This framework presents a structured way to review all the possibilities for understanding and acting on a complex problem. The questions are:
- “What do we know about the problem?
- What can different interest groups and academic disciplines contribute to addressing this problem?
- What areas are contentious?
- What are the big-picture issues? In other words, what are the political, social, and cultural aspects of the problem?
- Why is this problem on the agenda now?
- What support and resources are likely to be available for tackling the problem?
- What parts of the problem are already well covered and where are the areas of greatest need?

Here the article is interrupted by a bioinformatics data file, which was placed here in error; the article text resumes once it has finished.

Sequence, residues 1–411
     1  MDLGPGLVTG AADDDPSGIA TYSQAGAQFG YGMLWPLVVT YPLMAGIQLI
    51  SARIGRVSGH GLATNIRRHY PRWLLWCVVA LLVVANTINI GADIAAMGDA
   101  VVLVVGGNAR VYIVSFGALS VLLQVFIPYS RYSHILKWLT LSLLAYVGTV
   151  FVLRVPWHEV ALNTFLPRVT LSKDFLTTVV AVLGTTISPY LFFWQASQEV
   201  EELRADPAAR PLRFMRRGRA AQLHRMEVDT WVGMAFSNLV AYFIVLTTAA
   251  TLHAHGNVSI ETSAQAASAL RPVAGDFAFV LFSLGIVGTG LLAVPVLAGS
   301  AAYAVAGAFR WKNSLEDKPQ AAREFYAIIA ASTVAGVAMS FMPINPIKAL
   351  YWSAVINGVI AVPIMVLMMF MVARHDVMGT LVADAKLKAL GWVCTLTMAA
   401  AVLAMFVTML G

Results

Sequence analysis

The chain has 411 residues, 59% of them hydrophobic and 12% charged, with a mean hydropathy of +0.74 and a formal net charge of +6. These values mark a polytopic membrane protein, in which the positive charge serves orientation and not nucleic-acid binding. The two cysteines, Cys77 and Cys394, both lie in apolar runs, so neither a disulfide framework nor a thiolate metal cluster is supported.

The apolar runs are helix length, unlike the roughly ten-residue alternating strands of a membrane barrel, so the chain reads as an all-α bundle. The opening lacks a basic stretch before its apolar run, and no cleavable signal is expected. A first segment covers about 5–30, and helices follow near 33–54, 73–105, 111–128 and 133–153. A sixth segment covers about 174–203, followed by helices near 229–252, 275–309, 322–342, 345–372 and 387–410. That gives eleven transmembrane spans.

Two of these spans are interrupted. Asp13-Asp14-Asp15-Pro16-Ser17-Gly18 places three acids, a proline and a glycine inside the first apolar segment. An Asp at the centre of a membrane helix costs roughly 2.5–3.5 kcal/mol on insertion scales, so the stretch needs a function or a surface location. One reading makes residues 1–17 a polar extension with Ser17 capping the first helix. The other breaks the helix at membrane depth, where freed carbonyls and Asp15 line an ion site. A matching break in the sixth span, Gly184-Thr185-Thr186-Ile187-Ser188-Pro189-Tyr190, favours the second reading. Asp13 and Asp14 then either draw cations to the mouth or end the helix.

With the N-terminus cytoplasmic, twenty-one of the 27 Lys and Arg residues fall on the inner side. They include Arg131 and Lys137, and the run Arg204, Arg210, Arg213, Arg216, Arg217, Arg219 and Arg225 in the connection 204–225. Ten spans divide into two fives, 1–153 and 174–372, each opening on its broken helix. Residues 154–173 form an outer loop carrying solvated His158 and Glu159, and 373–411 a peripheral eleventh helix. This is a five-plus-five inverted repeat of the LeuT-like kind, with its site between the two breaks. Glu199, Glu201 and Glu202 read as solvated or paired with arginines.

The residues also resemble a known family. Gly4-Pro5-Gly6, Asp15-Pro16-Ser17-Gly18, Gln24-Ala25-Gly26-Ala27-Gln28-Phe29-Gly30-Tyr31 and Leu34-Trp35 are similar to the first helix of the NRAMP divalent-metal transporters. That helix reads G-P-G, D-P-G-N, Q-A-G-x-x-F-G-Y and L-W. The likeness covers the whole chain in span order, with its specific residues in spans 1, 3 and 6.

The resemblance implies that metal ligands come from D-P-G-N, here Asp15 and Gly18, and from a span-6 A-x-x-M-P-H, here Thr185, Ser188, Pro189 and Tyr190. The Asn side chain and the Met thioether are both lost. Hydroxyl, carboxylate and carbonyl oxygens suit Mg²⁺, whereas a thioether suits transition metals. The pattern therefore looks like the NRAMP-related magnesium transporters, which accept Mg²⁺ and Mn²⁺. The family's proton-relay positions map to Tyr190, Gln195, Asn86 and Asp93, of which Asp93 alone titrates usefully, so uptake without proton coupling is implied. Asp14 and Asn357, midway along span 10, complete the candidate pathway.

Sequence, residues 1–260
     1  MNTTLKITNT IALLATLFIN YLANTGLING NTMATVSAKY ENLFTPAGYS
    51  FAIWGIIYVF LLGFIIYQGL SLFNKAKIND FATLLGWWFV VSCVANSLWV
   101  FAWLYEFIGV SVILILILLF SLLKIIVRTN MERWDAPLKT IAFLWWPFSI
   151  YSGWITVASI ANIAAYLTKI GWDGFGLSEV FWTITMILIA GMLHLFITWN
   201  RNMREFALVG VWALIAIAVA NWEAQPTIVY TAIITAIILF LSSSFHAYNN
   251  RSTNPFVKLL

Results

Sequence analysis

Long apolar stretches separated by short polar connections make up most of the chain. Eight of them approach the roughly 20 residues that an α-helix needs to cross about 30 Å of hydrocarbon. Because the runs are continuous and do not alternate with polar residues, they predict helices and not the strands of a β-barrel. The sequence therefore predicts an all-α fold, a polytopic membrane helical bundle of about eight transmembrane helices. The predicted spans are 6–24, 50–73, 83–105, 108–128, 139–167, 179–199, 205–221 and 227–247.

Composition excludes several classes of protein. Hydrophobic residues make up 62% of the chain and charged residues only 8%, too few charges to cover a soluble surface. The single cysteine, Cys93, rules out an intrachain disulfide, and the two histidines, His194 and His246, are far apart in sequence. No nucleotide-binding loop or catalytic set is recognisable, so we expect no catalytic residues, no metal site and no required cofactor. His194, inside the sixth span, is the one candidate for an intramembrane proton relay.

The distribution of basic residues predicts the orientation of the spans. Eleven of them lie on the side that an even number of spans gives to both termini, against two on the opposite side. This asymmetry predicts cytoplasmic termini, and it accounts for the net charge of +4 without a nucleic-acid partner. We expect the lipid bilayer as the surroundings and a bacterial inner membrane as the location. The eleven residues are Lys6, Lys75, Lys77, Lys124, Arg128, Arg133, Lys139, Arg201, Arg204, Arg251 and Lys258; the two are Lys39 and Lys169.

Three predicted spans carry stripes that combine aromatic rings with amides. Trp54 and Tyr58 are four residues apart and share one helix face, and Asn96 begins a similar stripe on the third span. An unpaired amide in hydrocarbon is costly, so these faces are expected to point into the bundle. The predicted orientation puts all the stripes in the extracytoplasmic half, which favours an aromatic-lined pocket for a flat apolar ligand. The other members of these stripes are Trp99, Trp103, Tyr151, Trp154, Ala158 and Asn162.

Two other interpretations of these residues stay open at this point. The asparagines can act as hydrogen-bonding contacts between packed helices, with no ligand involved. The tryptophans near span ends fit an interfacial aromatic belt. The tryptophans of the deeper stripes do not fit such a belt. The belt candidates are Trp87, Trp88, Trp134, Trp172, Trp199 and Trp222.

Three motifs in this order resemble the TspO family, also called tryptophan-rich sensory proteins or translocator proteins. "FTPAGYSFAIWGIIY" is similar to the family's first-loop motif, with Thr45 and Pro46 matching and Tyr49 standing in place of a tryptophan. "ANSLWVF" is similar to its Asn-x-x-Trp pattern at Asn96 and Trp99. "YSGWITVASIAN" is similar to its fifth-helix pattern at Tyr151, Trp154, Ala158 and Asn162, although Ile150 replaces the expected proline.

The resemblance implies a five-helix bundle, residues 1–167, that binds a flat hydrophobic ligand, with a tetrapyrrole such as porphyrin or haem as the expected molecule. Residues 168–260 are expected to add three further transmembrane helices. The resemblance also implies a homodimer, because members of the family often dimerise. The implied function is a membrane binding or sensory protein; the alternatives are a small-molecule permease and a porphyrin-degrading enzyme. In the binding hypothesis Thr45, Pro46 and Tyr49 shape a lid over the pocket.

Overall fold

- Where can the most strategic interventions be made?
The first four questions help identify the dimensions of the problem, while the last four help set priorities.”
Reference: Bammer, G. (2013). Scoping public health problems. In Guest, C., Ricciardi, W., Kawachi, I., and Lang, I. (eds.). Oxford Handbook of Public Health Practice, 3rd edition. Oxford University Press: Oxford, United Kingdom, pp. 2-10.
Posted: December 2015
Last modified: October 2016